You need to take this seriously. We are yet to decipher what the encrypted message says. This is not typical of phishing. Our best cipher agents are on the case, and we will be working with our best-skilled expert cryptanalysts to do this.

Michael Compton

Senior Director of Cyber Intelligence, GCHQ

Calla observed as the prime minister open several attachments of encrypted data. One by one, they filled a dark screen. The last one drew her attention—an eight-pointed cross of four V-shaped forms, each linking the others at its vertex. Computer code filled the shape, unbreakable.

For two thousand years those who made codes had fought to keep secrets. People like those at Britain’s GCHQ, the Government Communications Headquarters and the NSA, the National Security Agency. Both organizations had to take on the roles of hacker and hack defender. The organizations became unstoppable at breaking some of the world’s toughest codes and solved some of the toughest cybercrimes.

But not all.

That’s why they’d called her.

Calla didn’t understand how her brain could calculate data faster than any other human she knew. Cryptanalysts were in growing demand more than ever before and Calla had a natural gift.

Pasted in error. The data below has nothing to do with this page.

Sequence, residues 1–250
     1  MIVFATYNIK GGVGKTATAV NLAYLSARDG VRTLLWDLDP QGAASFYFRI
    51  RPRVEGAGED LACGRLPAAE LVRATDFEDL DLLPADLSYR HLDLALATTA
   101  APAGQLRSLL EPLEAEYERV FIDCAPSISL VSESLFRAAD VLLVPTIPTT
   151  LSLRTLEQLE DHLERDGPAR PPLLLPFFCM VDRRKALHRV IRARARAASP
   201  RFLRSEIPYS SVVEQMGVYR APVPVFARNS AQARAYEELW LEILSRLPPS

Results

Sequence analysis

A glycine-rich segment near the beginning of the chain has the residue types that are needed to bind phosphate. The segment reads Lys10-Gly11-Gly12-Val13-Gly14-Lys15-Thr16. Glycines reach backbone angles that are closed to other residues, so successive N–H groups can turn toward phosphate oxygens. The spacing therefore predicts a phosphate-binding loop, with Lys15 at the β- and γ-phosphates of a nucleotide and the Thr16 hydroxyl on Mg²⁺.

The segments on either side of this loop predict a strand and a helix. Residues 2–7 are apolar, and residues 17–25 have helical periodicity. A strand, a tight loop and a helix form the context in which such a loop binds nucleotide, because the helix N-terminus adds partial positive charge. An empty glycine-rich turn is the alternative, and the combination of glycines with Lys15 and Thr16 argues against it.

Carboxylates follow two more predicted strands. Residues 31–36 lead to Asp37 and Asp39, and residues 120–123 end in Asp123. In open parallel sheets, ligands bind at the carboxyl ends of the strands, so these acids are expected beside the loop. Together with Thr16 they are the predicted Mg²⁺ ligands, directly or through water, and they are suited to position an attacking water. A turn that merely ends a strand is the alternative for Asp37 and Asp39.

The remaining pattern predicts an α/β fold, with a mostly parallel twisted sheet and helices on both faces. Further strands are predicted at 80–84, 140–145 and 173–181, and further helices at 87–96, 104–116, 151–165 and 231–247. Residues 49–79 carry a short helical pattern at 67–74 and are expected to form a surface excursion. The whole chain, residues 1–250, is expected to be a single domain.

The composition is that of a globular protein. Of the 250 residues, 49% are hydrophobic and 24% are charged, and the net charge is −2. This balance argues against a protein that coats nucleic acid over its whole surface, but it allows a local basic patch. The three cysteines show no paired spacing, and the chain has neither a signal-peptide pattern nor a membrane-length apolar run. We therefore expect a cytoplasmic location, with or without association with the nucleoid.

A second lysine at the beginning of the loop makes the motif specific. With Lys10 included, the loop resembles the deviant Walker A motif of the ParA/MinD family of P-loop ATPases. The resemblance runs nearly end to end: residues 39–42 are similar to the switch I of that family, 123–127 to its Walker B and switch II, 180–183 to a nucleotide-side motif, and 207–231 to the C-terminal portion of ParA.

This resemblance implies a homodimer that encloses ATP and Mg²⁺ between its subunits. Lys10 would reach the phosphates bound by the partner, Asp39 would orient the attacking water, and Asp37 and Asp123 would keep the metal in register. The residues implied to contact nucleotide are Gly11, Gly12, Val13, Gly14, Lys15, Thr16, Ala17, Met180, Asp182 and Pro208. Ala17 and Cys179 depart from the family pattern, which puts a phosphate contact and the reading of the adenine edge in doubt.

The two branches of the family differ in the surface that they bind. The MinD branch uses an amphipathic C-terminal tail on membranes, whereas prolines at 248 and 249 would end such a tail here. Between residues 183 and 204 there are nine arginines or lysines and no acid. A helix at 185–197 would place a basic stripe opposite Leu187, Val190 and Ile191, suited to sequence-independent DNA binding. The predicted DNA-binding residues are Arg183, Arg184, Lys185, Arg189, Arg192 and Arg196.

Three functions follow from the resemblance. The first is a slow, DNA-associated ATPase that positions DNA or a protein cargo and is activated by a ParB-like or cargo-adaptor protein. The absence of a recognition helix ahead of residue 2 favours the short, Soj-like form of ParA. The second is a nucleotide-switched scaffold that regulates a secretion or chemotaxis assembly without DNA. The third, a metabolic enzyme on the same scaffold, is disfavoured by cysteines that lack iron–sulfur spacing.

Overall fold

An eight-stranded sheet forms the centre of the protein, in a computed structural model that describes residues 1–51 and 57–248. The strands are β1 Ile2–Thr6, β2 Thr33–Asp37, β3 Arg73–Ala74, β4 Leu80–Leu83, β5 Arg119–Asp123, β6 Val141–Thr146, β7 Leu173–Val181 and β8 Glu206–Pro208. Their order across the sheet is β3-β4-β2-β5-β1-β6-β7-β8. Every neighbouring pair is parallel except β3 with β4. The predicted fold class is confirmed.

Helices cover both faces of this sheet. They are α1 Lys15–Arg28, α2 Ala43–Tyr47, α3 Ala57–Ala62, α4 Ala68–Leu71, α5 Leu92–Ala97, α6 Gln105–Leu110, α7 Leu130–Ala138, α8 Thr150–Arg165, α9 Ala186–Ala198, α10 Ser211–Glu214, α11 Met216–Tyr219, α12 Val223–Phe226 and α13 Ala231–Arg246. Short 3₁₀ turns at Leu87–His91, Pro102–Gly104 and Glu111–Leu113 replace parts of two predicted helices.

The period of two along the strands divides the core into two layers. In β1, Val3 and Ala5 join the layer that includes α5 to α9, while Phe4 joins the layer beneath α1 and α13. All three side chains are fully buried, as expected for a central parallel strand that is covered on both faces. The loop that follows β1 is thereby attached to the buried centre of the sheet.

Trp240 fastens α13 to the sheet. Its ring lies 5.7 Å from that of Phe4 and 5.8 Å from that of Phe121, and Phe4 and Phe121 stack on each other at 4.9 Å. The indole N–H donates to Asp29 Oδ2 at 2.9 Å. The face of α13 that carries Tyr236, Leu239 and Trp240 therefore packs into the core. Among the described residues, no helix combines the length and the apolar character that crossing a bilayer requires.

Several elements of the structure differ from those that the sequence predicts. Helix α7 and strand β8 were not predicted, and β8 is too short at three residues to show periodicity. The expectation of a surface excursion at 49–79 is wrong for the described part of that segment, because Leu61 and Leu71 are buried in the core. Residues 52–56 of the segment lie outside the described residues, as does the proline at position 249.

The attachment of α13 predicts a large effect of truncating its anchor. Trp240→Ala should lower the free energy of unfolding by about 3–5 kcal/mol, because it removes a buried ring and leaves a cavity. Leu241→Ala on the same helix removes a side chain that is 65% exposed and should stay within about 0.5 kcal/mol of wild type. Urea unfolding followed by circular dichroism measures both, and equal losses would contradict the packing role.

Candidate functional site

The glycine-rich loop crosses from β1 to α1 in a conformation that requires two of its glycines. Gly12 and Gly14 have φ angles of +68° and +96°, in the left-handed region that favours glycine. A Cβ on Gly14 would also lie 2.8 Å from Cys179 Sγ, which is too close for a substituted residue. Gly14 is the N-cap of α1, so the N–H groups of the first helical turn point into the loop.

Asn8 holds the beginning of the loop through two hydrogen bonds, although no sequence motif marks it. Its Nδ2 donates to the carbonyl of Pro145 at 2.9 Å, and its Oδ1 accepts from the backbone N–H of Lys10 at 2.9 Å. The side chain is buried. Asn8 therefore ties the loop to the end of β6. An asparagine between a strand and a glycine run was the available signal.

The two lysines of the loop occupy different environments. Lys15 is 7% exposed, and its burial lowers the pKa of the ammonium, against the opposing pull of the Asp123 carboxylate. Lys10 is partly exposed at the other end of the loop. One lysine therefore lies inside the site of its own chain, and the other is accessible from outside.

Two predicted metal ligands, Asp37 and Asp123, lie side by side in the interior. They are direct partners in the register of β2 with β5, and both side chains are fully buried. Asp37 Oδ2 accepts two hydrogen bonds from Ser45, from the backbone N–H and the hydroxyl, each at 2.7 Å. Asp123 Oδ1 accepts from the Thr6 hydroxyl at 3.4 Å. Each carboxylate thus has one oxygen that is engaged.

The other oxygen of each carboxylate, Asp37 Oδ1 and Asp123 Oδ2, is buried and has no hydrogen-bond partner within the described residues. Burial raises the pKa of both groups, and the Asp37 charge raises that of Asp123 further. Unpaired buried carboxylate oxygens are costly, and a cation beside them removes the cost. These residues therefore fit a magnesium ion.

Her stomach suddenly fell. If cryptanalysts couldn’t understand a cipher or code at least they should try to find out who sent it. And GCHQ had come to the end of their resources.

May I? Calla said angling the laptop her way.

Please, the prime minister replied, letting her sit in his den chair.

Calla studied the sets of encrypted data, a list of transcendental numbers and symbols. No pattern emerged. She squinted one eye and calculated the unbreakable symbols on each of the further emails and the attachments. Her mind opened, and data circulated in her brain as she indexed characters. First, the Roman numerals; then the diacritics. You say GCHQ can’t decipher this?

They’re stumped and I’m afraid this is even more complex than the Pigeon code. Until this arrived, they were still perplexed by that second world war code.